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Summary: Jesus has reached the point of no return – the cross was going to be inevitable. However, despite the fact that it is Judas who is betraying Him Jesus still calls Judas “friend”. Such actions help us to know what to do when we are betrayed.

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Matthew 26:47-56

“Betrayed by how many?”

Scripture Readings:-

John 18:1-11

Matthew 26:47-56

Congregation in the Lord

When you go to the top part of the Niagara Falls there is a point which you can reach which is called “the point of no return”. No boat, no matter how powerful the engine, is able to pull away from the surging of water heading over the falls. Once that point is reached a crash at the bottom of the falls is inevitable. In many ways we could say that our text is the point of no return for Jesus. From this moment all the events linked to His death will unfold. From this moment He is under constant guard and cannot escape. From this moment His destiny is in the hands of the Pharisees, Pilate, the crowds and the soldiers.

Now imagine if you were on the deck of a boat that had reached the point-of-no-return at Niagara Falls. What would be happening? For some it would be the pure terror of the inevitable … “I know I am going to die”. There could be the individual drive to try and preserve yourself and fight for the safest place on the boat … if there is one. For some there would be that real sense of regret, “Why did I ever come on this tour?”. That’s how it would work … don’t you agree?

Now let’s go back to Jesus and His situation. Do you sense any terror? Not at all. Jesus has just been pouring out His heart to God in prayer in the garden of Gethsemane – Luke tells us that Jesus was so overwhelmed by the situation that He was sweating drops of blood. But three times He prays to God, “Not My will but Your will be done”. Such words are not said lightly. Jesus is about to face a once-in-an-eternity pouring out of God’s anger onto His Son. Jesus knows He is in for the most difficult part of His ministry. Yet Jesus faces that moment with a determined resolve.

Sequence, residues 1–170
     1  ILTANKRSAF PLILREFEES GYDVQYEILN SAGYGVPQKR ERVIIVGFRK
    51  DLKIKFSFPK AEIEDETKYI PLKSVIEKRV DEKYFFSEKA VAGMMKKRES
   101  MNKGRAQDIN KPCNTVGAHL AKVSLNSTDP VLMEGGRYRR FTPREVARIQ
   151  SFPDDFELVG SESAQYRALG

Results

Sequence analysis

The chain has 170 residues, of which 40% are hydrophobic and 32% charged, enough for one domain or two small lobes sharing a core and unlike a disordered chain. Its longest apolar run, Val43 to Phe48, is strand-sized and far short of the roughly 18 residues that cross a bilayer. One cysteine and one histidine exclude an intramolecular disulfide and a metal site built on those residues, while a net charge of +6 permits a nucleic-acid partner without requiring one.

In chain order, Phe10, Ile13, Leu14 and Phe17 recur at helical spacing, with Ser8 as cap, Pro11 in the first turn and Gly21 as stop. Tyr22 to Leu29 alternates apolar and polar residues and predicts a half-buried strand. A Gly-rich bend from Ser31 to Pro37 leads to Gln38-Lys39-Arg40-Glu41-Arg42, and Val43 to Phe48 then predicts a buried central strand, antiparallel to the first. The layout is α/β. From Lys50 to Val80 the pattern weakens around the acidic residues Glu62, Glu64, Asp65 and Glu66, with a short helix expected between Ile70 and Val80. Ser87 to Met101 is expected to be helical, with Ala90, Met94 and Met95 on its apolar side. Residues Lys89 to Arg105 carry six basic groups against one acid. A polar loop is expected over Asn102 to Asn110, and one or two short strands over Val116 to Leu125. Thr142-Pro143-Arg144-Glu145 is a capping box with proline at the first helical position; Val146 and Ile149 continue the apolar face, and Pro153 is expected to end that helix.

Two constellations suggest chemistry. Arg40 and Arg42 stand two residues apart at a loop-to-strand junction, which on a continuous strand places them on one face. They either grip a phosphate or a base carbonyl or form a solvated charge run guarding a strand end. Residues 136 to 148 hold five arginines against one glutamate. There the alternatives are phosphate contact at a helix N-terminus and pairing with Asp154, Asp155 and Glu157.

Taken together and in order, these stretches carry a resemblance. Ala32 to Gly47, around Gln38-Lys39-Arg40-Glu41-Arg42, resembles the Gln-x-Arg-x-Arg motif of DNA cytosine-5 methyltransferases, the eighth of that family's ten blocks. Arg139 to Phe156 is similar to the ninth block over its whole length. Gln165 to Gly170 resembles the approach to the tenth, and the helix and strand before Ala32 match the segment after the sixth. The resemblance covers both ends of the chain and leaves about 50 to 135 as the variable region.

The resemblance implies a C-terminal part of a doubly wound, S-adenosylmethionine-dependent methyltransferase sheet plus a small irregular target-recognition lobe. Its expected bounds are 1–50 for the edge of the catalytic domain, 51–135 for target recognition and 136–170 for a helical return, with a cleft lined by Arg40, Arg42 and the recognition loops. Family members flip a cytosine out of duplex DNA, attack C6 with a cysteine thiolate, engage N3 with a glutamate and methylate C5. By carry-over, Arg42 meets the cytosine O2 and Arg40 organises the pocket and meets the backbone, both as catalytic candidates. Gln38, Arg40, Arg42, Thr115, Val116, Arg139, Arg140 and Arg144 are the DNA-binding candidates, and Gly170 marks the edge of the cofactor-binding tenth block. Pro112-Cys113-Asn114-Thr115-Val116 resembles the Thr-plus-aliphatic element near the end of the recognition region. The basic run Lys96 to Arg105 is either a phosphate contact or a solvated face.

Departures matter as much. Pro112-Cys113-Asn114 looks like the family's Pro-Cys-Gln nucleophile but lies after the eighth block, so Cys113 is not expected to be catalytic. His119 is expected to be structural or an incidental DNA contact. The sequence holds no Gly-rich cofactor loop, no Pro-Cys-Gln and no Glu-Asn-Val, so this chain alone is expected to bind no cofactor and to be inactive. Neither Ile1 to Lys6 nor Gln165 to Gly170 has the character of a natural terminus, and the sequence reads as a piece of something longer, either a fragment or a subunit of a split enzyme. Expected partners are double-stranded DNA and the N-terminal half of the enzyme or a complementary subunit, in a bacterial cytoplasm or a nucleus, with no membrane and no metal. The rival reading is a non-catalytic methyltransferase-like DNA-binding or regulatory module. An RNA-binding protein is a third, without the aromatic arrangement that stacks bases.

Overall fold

Or take the situation of the whole arrest debacle which we read about in John’s Gospel. Here comes a group of people. Judas – on the verge of earning 30 pieces of silver. Some officials from the temple – just to make sure they get the right man. A detachment of soldiers – just in case there is a battle. They have torches lanterns and weapons. All Jesus and the 11 disciples have are two swords. Yet when Jesus says three words “I am He … they drew back and feel to the ground”. He may be at the point-of-no-return but we don’t detect a hint of terror in Jesus:- in fact He is probably the only one in the group who doesn’t feel scared in some way.

Well, if there is no terror, has Jesus turned to self-preservation? Do we see this occurring in Jesus? Not really. When Judas comes to give Him the “kiss of death” Jesus doesn’t turn away He says, “Friend, do what you came for”. It almost seems like Jesus is forcing the issue. The same applies when Jesus rebukes Peter. Peter is ready to fight to the death for His master. Does Jesus thank Peter for that act of bravery? Far from it … he gives Peter an earful “those who live by the sword will die by the sword”. Jesus is not happy about the actions of His bodyguard. Indeed in that same context we hear another extraordinary truth from Jesus. “Do you think I cannot call on My Father and He will at once put at My disposal more than twelve legions of angels”. One angel is powerful enough to hold back the four winds, imagine what 12, 000 of them could do. Self preservation is only a word away yet Jesus – even though Jesus is at the point-of-no-return – He does not take advantage of it.


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